I imagine a Matrioska. Here’s one of Budapest’s biggest district, number 8, which hosts a gorgeous portion named “The Palace Quarter” (Palota Negyed). Within this up-and-coming area flooded with students and artsy locations, there’s a cute street with a hard-to-pronounce name. Every time I give a tour of the area, guests spontaneously stop to take pictures.
Let’s get back inside the Matrioska, to its core. Where it lays a yellow courtyard and garden covered with ivy, decorated by baroque statues and covered by a cobblestone pavement, resides the Chamber of Architects.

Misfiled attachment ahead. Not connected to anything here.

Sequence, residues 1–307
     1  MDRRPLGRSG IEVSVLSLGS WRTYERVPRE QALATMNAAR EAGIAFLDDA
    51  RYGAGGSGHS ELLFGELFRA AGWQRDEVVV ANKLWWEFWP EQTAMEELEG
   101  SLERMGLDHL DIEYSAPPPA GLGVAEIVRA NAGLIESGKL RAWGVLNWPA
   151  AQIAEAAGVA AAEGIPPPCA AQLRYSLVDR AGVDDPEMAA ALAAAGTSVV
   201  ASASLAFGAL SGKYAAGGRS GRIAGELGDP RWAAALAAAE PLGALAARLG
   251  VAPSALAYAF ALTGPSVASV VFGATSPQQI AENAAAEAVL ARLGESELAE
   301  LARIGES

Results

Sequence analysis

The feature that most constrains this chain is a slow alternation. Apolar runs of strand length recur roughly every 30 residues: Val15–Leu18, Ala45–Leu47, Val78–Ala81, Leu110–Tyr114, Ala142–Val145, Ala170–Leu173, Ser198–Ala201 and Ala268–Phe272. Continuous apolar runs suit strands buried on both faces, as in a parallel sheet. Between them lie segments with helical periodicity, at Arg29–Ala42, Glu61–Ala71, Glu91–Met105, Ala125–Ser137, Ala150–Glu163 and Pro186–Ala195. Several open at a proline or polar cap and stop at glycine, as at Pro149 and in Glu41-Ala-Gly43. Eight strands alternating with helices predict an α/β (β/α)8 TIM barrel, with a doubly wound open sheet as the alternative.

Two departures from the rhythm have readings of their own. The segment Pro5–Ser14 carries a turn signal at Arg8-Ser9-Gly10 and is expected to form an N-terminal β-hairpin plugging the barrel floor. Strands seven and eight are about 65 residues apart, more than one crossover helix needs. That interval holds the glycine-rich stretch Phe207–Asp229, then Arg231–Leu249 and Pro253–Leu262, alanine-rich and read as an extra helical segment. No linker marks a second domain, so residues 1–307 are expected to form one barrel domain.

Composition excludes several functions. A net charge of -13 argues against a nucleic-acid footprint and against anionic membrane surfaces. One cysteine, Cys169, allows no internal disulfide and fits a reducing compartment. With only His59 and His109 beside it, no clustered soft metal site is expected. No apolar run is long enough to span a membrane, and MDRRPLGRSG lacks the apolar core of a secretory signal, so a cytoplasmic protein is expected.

Since 1954 the headquarters of the Association of Hungarian Architects, this structure, called Almássy Palace, was built in 1877 and designed by Antal Gottgéb. It’s described as “an open house” where different branches of art can meet architecture & where architects can meet the society – they also organise expositions.
Since 1958 the courtyard and its basement has been occupied by the “Architect Cellar” bistrò where it is possible to order lunch or drinks and consume them in the courtyard. This is a place where I bring people who I want to impress with some of the finest hidden gems this city is keeping. Rarely crowded, it’s secluded but buzzy at lunch time, when it’s easy to meet architects of the association.
A special one that I like to greet every time is always there: it’s Ödön Lechner (1845-1914) in a relief dedicated to him as founder of the Hungarian Art Nouveau style (Secession), as a revolutionary genius & a leader for the architects of this country.